Well things didn’t work out with this brother, but ever since then my mind was open to the idea of Polygyny and I started speaking to my friends and family about it.  Initially, many people were against it, they told me it was emotional torture to make another woman endure me stealing her husband and asked how I could be so cruel.  They said I would always be seen as the home wrecker and should consider the children whose father I had stolen; other sisters in polygamous marriages warned me to think very carefully as the support would always go to the first wife and that many men were not fair at all.  It gave me a lot to think about but I kept asking myself why I should miss out just because I was divorced?  Finding a husband when you’re divorced like I said is hard enough and finding a never married before one is near impossible, why then should I have to lose out just because some people couldn’t accept what Allah swt had made lawful?  I kept reminding myself that I was doing no haram and that this was allowed and would insha’Allah make me a better Muslim and teach me sabr too.

A year later I married a brother who was married, as his second wife.  We had discussed a lot via emails which was sent by him to my brother then to me then back to my brother then back to him; this was in fact one of the things that drew me to him – doing things the correct way and not finding rubbish excuses to not speak to my walli.  He was honest enough to admit his family would take time in accepting his decision and that his wife was upset but he hoped that in due time she would accept us.  He also told me he wasn’t rich and would give me whatever he could (which I understood as a certain amount).  He said he would spend 3 days with me and then 3 days with her and that if any of us needed him during the day that he would come and see us even if it wasn’t our day.  He was even honest enough to admit one of the reasons he wanted to remarry was to protect his nafs.

The problems subhanallah, started a week after marriage; his wife hadn’t been actually told when we married (which I later found out many men do to avoid aggro) and had a very bad reaction to our marriage, his whole family abandoned him as they felt him unworthy of being fair and he lost many friends too because their wives got insecure.  This put a lot of pressure on us, I had people sending me messages from his side that I didn’t even know telling me I was bad because I had done this to his wife and child.  Some of my own family said I should have foreseen this and weren’t very supportive; my husband was ordered to pay back a loan immediately his family had lent him even though he didn’t have the money.  Suddenly, I was caught up in the eye of the storm, doing the one thing I had wanted so desperately to stop having to do: fighting for my haqq.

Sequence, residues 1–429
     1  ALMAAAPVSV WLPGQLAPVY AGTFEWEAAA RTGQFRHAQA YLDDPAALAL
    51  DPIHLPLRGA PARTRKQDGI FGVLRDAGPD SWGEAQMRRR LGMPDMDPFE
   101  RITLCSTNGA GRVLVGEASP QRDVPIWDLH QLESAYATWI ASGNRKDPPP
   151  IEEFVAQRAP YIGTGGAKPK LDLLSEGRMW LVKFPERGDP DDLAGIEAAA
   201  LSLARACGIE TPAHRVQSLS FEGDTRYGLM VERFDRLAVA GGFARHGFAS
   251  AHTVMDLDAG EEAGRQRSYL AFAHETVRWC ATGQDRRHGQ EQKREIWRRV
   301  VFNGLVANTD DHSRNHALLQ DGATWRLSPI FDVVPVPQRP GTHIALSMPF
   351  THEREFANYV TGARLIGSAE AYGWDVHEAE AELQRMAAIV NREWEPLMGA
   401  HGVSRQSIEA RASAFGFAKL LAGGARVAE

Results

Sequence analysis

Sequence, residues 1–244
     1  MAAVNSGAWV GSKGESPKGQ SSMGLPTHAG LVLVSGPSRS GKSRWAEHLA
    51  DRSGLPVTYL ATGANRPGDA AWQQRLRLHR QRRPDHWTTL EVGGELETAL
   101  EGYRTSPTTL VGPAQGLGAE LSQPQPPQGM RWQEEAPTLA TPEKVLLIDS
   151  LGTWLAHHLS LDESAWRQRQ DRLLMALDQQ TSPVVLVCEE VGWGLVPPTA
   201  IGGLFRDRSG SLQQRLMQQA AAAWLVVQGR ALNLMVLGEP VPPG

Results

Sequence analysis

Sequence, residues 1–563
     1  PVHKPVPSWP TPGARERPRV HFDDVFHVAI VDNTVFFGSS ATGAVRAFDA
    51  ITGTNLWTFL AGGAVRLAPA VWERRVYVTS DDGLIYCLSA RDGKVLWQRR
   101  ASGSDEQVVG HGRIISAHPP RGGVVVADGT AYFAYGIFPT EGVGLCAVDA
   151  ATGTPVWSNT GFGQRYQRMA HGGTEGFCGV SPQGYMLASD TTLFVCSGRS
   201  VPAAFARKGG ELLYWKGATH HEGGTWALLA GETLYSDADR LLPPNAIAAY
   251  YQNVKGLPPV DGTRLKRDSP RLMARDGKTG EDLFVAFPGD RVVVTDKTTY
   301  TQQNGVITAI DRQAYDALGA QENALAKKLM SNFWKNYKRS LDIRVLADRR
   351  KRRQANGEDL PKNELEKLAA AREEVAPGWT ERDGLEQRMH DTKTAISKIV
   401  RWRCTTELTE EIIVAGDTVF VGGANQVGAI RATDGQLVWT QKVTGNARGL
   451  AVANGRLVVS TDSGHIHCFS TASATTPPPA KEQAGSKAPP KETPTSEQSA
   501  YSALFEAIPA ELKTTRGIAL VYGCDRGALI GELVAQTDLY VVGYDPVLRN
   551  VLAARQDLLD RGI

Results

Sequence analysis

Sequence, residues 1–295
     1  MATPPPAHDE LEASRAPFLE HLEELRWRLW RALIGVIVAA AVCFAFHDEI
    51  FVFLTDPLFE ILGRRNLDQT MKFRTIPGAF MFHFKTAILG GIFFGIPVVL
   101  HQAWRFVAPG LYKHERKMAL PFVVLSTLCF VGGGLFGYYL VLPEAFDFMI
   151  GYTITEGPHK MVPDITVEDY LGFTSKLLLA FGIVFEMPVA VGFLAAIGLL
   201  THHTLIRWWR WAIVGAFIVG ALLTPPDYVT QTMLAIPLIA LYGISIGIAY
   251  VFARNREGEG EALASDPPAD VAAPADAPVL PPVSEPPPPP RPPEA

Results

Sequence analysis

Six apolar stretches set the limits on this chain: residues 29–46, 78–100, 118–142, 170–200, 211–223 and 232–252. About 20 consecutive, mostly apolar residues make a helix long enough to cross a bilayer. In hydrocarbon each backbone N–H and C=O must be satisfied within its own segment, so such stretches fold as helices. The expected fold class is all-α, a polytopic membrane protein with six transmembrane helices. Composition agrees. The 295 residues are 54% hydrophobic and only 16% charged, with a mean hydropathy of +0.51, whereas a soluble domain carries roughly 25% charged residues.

I realised one thing straight away, that though I was stressed he had just lost every single thing because he married me.  I always thought the wife stood to lose more but in this case I had still had my children and family and home and he didn’t.  I paid off his loan with my meagre savings and tried my best to support him and be a good wife; I was angry at their lack of acceptance when he had done nothing wrong Islamically.  I was hurt at him defending his wife’s actions of getting people to send me hate mail by saying she was hurt and I should have sabr.  I endured many comments and when one day I had had enough and sent something back I was told off.  To appease him and repent to Allah I made a public apology; it just seemed to me she could do no wrong and I was expected to be the glue holding their marriage together.  It came to pass that he hadn’t actually been happy in his marriage for a long time, he let little things slip that gave me indications and I saw that for 4 years he had had sabr hoping things would change and tried his best to keep the peace but that he felt hurt because he felt unloved and neglected and that he just wanted someone on his side, like I want, like we all want.  I know losing his family hurt him so much, he adores his daughter and wasn’t really able to see her; he would still come home with a smile on his face though and give me attention and hide his grief.  The days I got mad at him because I felt oppressed and I thought about this, I really felt ashamed of myself.

Things just got worse and worse subhanallah; his business was failing and he not only had no money to give me or his other wife but I actually had to give him money too.  I was of course upset that he had entered into a marriage with me when he was living somewhat from hand to mouth; I explained to him that he should have made sure his finances were secure before marrying me.  I told him I had read the shayukh had said that you can’t be receiving benefits and be barely able to keep one wife then take another.  I told him that I am the one paying for the rent and food and clothes, his included and that he didn’t fulfil the criteria needed to take a second wife and that he shouldn’t have expected me to just give that all up.  He would talk to me about my anger and jealousy and I pointed out that he made me insecure by comparing us and letting his family say he should divorce me and saying nothing because he didn’t want to cause fitnah although it still did cause fitnah in our marriage.  I asked him that when he had been married for so long to a woman why he forgot that he had married a second woman, complete with womanly emotions; if one would be jealous then why not expect the other one to be too?